That last sentence was bolded by me. Can you imagine our government people (or any of the rest of us Americans, for that matter) thinking like that?

Bhutan has a four-pillared test for making major decisions. According to the article's author, “An action must create sustainable benefits for the economy, the culture, the environment and the government.”

Perhaps we could have gross national happiness if our government used a similar test.

The writer goes on to say that “a recent proposal to aggressively log the nation's extensive forests was defeated because its economic benefits couldn't match its environmental impact.”

Wow. Are you listening, Dubya? How about you presidential candidates?

When Mr. Wangchuck finishes up at MIT, he will return home and run for mayor. Hope he wins.

Tuesday, February 05, 2008

Doors of Bhutan

I walked 150 high altitude miles of Bhutan's Himalayas in October, through snow, rain, mud, glacial moraine, yak stampedes, over high passes, and saw some of the most beautiful remote landscape in the world. What did I come home with? Pictures of doors and windows and dzongs and children. In this isolated part of the world where buildings are white washed mud and stone, the doors and windows are splashed with color.

Know what the most common response was when I said I was going to walk Bhutan?

You guessed it -- "Where is Bhutan?"

Well, it's a small Buddhist Himalaya kingdom bounded by Tibet on the north and India on the other three sides. The geography is so difficult Bhutan was never conquered or colonized. Mountain climbing was not allowed. Tourists visas were difficult to obtain. Smoking is not allowed. By law, 60% of the country must be covered by forest. Until not long ago, Bhutan was essentially a medieval agrarian society. Most of the people probably didn't know about "us" until television and Internet was allowed in 1999. And so the culture remained fairly pure.

In the 1980's His Majesty King Jigme Singye Wangchuk introduced his goal and philosophy for the country: Gross National Happiness (GNH). Success measured by the people's happiness, not the gross national product, or shopping, or material acquisition.

He envisioned bringing the country into modernity based on Four Pillars - economic growth and development, preservation of their cultural heritage, preservation of the environment, and good governance based on integrity, efficiency, accountability and transparency.

In December 2006, the king abdicated to his son, Jigme Khesar Namgeyl Wangchuk, 26 years old, Oxford educated, and single - the world's youngest head of state who is supervising the transition to a democracy with a constitutional monarchy. A few weeks ago, elections were held for the upper parliament. The oldest elected parliamentarian is 45 years old, and most are in their 20's and 30's.

The next elections in March will form the lower parliament, and Bhutan will be on its way to a westernized democracy with a goal of happiness for its people.

Sound like Shangri-La?

At the end of January, about two weeks ago and a few days after the March elections were announced, the country experienced a series of bomb blasts believed set off by Nepali militants. It seems that in the early '90's, the Bhutan authorities, in a type of ethnic cleansing, stripped citizenship from Hindu Bhutanese who were Nepalese in origin. About 100,000 fled or were forced to leave the country. Most crossed the border to Nepal and still live in refugee camps. An agreement between Nepal and the US last year to resettle 60,000 Bhutan refugees in the United States created more conflict with those who believed they should be allowed to return to Bhutan. The conditions have been fertile ground for Maoists and communist groups to foment militantism in the camps and the bombings appear related to disrupting the elections.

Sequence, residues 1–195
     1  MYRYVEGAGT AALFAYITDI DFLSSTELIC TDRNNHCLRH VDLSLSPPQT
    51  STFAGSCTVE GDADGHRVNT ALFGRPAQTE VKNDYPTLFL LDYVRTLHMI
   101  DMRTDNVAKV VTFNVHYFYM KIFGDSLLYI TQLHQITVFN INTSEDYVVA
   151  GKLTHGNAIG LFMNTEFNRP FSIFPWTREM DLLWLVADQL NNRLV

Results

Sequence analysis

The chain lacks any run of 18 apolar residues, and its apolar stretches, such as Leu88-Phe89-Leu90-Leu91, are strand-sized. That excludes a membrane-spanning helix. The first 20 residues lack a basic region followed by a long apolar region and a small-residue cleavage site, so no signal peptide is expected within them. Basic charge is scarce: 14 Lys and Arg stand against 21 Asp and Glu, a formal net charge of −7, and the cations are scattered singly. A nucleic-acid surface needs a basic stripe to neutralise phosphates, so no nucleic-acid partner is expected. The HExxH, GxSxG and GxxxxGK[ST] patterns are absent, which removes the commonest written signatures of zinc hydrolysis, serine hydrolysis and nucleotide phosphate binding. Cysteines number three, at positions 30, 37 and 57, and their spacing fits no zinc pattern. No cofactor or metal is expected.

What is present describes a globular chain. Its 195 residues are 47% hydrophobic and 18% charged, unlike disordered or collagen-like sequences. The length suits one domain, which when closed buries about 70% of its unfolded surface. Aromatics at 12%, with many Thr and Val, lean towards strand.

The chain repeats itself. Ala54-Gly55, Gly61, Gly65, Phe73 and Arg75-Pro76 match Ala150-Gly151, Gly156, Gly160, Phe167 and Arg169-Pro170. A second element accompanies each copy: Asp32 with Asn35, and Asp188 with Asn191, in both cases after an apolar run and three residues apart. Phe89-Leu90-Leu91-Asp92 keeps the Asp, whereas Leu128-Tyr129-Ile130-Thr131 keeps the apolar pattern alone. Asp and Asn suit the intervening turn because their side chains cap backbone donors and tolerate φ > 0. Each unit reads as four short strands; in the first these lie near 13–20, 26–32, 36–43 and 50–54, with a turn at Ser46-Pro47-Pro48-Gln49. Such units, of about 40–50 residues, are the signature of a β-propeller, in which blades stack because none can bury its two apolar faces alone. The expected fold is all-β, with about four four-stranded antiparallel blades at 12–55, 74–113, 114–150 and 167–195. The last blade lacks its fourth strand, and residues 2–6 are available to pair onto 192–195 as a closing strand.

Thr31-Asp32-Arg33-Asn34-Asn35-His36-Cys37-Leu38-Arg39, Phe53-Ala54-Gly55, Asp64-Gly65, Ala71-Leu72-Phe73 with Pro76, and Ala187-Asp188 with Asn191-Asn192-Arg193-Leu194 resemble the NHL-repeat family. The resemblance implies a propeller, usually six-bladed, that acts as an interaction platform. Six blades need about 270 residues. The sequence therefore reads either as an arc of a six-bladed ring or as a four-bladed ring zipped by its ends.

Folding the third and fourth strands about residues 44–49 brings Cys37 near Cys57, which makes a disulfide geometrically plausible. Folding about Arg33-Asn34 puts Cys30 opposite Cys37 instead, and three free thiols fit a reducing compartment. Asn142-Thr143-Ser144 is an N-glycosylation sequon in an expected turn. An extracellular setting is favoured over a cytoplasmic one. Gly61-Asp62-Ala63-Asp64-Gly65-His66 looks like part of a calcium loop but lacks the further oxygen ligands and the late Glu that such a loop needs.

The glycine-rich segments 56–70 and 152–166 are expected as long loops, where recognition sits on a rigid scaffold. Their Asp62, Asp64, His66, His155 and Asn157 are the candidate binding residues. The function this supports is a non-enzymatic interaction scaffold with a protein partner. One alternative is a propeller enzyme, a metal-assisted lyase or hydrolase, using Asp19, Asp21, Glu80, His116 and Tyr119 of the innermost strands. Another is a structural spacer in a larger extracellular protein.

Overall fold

Are you asking yourself, is that what I think it is?

Yes, two large, hairy penises. In Bhutan the penis is a symbol of good luck, and they are everywhere. It is not unusual to come across a guest house or restaurant, like this one in an idyllic 13,000' village, and be welcomed by twin dicks. Or to go to the village spring and have to collect water out of a penis shaped pipe.

The doors of Bhutan are opening. Wishes for Good Luck and Happiness to them as they let us into their world.

Saturday, February 02, 2008

Out of the mouths of ...

Where better to ski than the wide open spaces of Vail?

And in what better company than grandbabies? A teen and nearly teen, they object to being called grandbabies.

When one insists on skiing with an open jacket, even with a temperature below zero,

and the other gets distracted by knocking snow out of trees,

and still wears alien holographic ski googles,

I say they are still grandbabies.

This year, though, they thought they were too old to go to ski school. They came up with a deal. If their Ouma would be their teacher, and they could behave like good students, they wouldn't have to go to regular ski school. Fair enough, I thought.

They lined up to listen, followed through with directions. One problem, though. While I'm OK with teaching more advanced techniques, I didn't know how to get the younger one out of her "pizza-french fries" into parallel skiing. I talked about edges, and knees into the hill, and upweighting, and using your breathing to set a rhythm. But, how to get Jennifer to progress beyond the wedge?

I said to the older one, "Hayley, I don't think I can get Jennifer out of the wedge. You're going to have to help teach her since you're closer to learning how to do that."

Hayley turned to her sister and said firmly, "Jennifer, keep your skis together".

I watched in amazement as Jennifer headed down the mountain, skis perfectly together.

Is there a lesson here?